I Contain Multitudes by Ed Yong

I Contain Multitudes by Ed Yong I Contain Multitudes: The Microbes Within Us and a Grander View of Life by Ed Yong
Published by Ecco on January 16, 2018 (first published 2016)
Source: Purchased
Genres: Science, Non-fiction
Pages: 368
Format: Paperback
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Joining the ranks of popular science classics like The Botany of Desire and The Selfish Gene, a groundbreaking, wondrously informative, and vastly entertaining examination of the most significant revolution in biology since Darwin—a “microbe’s-eye view” of the world that reveals a marvelous, radically reconceived picture of life on earth.

Every animal, whether human, squid, or wasp, is home to millions of bacteria and other microbes. Ed Yong, whose humor is as evident as his erudition, prompts us to look at ourselves and our animal companions in a new light—less as individuals and more as the interconnected, interdependent multitudes we assuredly are.

The microbes in our bodies are part of our immune systems and protect us from disease. In the deep oceans, mysterious creatures without mouths or guts depend on microbes for all their energy. Bacteria provide squid with invisibility cloaks, help beetles to bring down forests, and allow worms to cause diseases that afflict millions of people.

Many people think of microbes as germs to be eradicated, but those that live with us—the microbiome—build our bodies, protect our health, shape our identities, and grant us incredible abilities. In this astonishing book, Ed Yong takes us on a grand tour through our microbial partners, and introduces us to the scientists on the front lines of discovery. It will change both our view of nature and our sense of where we belong in it.

In general, microbes are not something I spend much time thinking about. I wash my hands to hopefully keep away germs, take my probiotic pill, and that’s about it. I’m not one of those people who carry around a can of Lysol, which apparently can be a good thing. “So, here’s the irony: toilets that are cleaned too often are more likely to be covered in faecal bacteria.” I Contain Multitudes by Ed Yong made me think about the vast array of microbes in our world – helpful, harmful, and ones that can be both or neither.

Yong touches on the evolution of microbes; the history of microbiology; symbiotic relationships among microbes; symbiosis between microbes and higher organisms; dysbiosis (unbalanced microbiomes that harm their hosts); how scientists study and identify microbiomes; research studies aimed at seeding hospitals and buildings with ‘good microbes’; and much more. He writes in an entertaining, easy to understand way. He makes microbes fun.

My family is probably glad I’ve finished reading I Contain Multitudes. I have a tendency, especially when I’m reading non-fiction, to share bits and pieces of what I learn with them, like the adorable bobtail squid on Hawaii that glows thanks to a luminous bacteria or how microbes affect the health of coral reefs. The number of creatures that have symbiotic relationships with microbes is simply staggering and how many daily life tasks the microbes perform, help them perform is astounding.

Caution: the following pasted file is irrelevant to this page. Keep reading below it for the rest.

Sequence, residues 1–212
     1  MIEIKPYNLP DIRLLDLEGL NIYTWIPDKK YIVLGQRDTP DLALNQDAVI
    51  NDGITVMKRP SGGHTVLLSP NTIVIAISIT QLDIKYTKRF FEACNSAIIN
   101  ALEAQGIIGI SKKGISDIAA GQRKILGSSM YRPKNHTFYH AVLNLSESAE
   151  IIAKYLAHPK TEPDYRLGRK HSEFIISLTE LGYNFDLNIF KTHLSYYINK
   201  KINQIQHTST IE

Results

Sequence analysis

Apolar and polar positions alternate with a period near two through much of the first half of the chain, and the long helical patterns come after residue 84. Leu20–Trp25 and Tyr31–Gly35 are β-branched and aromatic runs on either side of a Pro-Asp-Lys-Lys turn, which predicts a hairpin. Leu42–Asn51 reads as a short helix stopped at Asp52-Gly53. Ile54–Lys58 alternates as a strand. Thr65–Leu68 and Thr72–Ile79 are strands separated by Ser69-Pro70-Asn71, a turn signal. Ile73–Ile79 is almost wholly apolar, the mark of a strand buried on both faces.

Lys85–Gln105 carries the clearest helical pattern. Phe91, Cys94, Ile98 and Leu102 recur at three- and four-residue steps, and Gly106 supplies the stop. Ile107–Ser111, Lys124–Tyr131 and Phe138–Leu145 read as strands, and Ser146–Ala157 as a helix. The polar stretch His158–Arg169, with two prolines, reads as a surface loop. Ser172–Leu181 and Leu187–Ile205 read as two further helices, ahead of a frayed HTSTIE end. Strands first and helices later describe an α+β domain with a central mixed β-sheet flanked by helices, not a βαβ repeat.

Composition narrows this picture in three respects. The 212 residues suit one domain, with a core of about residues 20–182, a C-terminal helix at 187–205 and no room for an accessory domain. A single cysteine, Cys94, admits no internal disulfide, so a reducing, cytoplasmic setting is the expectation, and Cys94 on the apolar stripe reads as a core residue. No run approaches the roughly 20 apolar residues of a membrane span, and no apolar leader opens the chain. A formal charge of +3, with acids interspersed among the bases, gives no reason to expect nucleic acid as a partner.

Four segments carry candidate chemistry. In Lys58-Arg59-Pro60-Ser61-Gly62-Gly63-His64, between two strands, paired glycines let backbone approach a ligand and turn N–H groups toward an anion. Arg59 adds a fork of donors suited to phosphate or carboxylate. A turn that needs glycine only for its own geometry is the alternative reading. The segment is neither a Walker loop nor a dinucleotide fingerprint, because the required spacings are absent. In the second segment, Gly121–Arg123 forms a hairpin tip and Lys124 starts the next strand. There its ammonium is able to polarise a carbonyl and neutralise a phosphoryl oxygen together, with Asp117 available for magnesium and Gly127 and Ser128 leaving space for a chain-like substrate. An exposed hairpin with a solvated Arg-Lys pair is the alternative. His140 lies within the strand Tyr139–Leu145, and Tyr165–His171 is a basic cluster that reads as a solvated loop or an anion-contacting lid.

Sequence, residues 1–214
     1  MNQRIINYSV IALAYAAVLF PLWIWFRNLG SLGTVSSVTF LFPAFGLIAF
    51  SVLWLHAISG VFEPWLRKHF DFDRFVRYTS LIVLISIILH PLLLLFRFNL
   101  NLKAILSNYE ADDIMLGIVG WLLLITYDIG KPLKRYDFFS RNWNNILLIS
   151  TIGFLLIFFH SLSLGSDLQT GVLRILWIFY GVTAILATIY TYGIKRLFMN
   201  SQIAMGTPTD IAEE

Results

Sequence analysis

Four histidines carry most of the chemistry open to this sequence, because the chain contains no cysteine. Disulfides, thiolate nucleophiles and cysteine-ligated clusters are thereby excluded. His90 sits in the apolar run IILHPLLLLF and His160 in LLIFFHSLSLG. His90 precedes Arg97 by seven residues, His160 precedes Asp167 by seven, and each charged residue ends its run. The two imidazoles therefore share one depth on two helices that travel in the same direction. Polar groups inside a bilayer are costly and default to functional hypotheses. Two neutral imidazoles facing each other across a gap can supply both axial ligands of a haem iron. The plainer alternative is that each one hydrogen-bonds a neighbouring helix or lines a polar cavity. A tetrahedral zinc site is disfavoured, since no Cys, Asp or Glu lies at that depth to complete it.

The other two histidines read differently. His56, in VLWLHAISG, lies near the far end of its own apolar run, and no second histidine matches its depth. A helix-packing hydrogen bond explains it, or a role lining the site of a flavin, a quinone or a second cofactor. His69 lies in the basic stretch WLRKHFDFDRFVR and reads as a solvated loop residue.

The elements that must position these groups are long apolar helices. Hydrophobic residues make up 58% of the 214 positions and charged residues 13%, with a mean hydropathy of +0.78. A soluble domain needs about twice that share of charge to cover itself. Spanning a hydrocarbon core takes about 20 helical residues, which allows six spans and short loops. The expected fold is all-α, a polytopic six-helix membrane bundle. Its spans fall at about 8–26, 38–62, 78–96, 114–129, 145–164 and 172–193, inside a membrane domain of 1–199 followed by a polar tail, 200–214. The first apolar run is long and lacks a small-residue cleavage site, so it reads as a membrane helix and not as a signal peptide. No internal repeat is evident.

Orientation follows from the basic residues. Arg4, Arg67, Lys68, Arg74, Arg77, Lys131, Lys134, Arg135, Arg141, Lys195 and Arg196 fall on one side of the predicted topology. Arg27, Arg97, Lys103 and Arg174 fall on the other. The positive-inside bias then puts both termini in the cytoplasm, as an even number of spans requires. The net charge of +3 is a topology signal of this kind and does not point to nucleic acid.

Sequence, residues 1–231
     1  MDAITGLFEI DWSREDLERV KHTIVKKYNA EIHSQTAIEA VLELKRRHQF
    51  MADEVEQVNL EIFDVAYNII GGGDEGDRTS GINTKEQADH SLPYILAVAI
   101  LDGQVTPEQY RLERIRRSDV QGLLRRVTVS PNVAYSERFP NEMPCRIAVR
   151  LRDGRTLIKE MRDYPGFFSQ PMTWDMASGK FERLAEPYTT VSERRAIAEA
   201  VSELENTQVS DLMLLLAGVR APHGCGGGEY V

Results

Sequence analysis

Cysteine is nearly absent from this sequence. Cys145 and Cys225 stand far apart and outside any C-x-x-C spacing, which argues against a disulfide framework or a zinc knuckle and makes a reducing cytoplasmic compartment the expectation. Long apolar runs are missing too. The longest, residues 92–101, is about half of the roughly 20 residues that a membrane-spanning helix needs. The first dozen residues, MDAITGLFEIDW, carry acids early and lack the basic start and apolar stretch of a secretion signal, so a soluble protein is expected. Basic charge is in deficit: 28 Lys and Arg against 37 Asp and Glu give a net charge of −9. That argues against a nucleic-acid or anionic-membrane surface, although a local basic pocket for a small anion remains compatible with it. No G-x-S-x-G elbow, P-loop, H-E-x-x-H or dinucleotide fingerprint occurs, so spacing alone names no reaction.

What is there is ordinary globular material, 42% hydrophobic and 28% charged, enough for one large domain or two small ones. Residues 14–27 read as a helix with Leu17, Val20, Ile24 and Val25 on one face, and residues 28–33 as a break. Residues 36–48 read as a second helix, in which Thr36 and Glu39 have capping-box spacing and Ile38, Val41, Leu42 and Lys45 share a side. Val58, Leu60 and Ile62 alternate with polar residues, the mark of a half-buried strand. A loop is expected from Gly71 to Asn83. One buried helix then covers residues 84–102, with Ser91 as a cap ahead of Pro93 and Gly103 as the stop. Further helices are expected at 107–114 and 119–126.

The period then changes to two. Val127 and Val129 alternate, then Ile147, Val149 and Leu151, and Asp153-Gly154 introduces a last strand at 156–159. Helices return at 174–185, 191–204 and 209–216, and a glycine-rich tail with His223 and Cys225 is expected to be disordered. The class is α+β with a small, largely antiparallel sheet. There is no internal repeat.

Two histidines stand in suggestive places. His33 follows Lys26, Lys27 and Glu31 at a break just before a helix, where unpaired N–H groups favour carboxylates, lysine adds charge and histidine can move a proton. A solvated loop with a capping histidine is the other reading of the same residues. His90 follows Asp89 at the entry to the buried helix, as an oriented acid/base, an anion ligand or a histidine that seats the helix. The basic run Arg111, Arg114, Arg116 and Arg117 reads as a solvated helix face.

I won’t remember many specifics from this book, even though he gives a lot. The take-away for me is that microbes can be incredibly helpful and impossible for many creatures to live without, digesting food, providing protection, potentially solving medical issues. They can also be incredible damaging, destroying forests or causing diseases. It also seems like the broader the variety of microbes we are exposed to, the better, the more likely the good ones will take root. While sterile may be best in some circumstance, that’s far from true in all circumstances.

This was first foray into science non-fiction in quite a well, and I have to say that I’m glad I read it. I learned a lot and it gave me a new way to see the world. “We cannot fully understand the lives of animals without understanding our microbes and our symbioses with them.”

About Ed Yong

Ed Yong

Ed Yong is a science journalist who reports for The Atlantic, and is based in Washington DC.

Ed cares deeply about accurate and nuanced reporting, clear and vivid storytelling, and social equality. He writes about everything that is or was once alive, from the quirky world of animal behaviour to the equally quirky lives of scientists, from the microbes that secretly rule the world to the species that are blinking out of it, from the people who are working to make science more reliable to those who are using it to craft policies. His stories span 3.7 billion years, from the origin of life itself to this month’s developments in Congress.

His work appears several times a week on The Atlantic’s website, and has also featured in National Geographic, the New Yorker, Wired, Nature, New Scientist, Scientific American, and many more. He has won a variety of awards, including the Michael E. DeBakey Journalism Award for biomedical reporting in 2016, the Byron H. Waksman Award for Excellence in the Public Communication of Life Sciences in 2016.  He regularly does talks and radio interviews; his TED talk on mind-controlling parasites has been watched by over 1.5 million people.

Reading this book contributed to these challenges:

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